Her string of hits -- "Bad Romance," "Poker Face," "You and I" -- just tell half the story.
At last check, the videos on her official YouTube channel had been played 2.35 billion times.
The reason: They're entertaining, much in the same way Michael Jackson videos are entertaining. They're audacious and over-the-top. They're not just commercials for a song. They're mini-movies. Lady Gaga strives to make them events.
The pop star brings that same ambition to her live shows--there's a reason that, in reviewing one recent tour, the New York Times sent its theater critic. She's not just a singer. She's a performer. And she'll be performing again in the area as she brings her "Born This Way Ball" to the Tacoma Dome at 7:30 p.m. Monday.
The tour is expected to be another over-the-top spectacle, divided into five "acts" and featuring 14 costume changes.
Tickets run $62.48 to $194.38 at ticketmaster.com or 800-745-3000.
While Gaga deals in pop, Chris Botti owns the jazz charts.
The chart-topping trumpeter will team up with the Seattle Symphony Orchestra for a 7:30 p.m. Thursday concert at Benaroya Hall.
Born in Portland, Ore., Botti first made his mark as a hired gun, playing in Paul Simon's band and on Sting's "Brand New Day" album.
Starting about 2000, though, he became that rarest of birds: the modern jazz musician capable of scoring mainstream hits on his own.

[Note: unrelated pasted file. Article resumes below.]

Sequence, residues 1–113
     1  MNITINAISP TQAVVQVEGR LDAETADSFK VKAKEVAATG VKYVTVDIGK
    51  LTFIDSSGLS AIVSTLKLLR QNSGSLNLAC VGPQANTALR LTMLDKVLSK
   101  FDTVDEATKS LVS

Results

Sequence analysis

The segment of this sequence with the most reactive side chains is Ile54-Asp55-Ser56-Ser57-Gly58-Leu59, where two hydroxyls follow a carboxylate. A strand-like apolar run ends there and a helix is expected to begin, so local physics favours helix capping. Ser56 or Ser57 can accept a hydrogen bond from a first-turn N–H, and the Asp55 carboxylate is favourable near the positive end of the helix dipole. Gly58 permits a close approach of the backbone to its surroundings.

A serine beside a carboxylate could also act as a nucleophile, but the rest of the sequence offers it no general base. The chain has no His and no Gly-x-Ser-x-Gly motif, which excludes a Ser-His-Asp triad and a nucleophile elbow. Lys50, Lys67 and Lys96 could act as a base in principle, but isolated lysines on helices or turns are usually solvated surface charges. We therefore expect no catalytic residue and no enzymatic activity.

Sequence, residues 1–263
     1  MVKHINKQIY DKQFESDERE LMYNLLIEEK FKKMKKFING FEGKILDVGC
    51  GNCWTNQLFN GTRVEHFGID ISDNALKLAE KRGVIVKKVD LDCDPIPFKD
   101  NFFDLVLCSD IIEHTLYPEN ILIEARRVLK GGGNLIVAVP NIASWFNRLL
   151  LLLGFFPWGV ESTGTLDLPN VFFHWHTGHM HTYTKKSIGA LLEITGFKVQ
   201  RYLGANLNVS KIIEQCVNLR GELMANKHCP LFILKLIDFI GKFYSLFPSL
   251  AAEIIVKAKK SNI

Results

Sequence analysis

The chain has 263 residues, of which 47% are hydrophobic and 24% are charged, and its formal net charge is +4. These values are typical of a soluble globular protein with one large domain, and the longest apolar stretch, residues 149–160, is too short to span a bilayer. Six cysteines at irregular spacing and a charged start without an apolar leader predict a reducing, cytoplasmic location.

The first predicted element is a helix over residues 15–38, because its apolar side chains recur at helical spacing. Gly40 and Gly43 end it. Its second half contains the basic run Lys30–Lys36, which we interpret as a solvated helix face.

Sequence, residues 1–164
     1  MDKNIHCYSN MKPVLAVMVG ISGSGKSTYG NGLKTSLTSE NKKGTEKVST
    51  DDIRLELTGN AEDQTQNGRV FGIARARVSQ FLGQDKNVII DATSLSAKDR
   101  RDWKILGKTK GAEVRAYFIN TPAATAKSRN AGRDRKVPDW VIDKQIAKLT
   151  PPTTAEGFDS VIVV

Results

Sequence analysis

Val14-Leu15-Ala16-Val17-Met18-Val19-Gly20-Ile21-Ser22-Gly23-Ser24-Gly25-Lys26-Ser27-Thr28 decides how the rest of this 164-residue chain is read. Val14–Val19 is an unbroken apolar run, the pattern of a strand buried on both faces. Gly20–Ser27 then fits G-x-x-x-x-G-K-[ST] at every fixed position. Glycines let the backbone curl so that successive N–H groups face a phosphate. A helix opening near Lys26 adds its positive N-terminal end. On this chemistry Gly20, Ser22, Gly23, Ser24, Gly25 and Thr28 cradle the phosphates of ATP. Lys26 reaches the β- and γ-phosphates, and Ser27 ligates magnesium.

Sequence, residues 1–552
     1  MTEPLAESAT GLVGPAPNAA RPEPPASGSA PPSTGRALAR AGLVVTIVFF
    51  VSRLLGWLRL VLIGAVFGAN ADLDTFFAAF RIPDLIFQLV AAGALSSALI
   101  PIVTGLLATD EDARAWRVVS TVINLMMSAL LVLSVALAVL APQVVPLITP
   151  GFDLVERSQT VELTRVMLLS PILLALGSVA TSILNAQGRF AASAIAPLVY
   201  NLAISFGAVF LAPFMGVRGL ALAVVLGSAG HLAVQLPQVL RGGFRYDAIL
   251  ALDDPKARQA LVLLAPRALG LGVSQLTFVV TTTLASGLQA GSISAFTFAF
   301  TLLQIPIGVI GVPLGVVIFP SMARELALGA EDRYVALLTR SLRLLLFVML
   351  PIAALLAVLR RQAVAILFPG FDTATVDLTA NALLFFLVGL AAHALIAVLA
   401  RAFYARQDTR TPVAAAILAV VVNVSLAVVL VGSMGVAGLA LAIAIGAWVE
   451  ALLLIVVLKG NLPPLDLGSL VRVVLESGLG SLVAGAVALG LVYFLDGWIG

His past three albums -- "Italia," "Chris Botti: In Boston," and "Impressions" -- all cracked the top 40 on the Billboard 200 and easily topped the jazz charts.
He likely will take his crowd-pleasing sound to new heights with his Seattle orchestral show, which will feature a set list announced from the stage.
Tickets are $70.93 to $124.18 at ticketmaster.com or 800-745-3000.
Finally, Windowpane, the Seattle-based hard rock act, will headline the Showbox at the Market at 6:30 p.m. Saturday. The bill includes Van Eps, Mechanism, Black Diamond, Jason Kerston and the Immortals.
Windowpane has been kicking around the hard rock scene for more than a decade. After getting its start playing Led Zeppelin covers in Maryland, the band moved first to Orlando, Fla., and then to its current home in the Northwest.
During that time, it refined its sound, and has released three albums of original material, including its most recent record, 2009's "Daybreak."
Its live show promises to be the antithesis of Lady Gaga or Chris Botti. The group favors a simple, straight-forward performance, relying solely on its amps, guitars and drums.
Tickets are $12 in advance or $16 on the day of the show.
Andy Rathbun: firstname.lastname@example.org.
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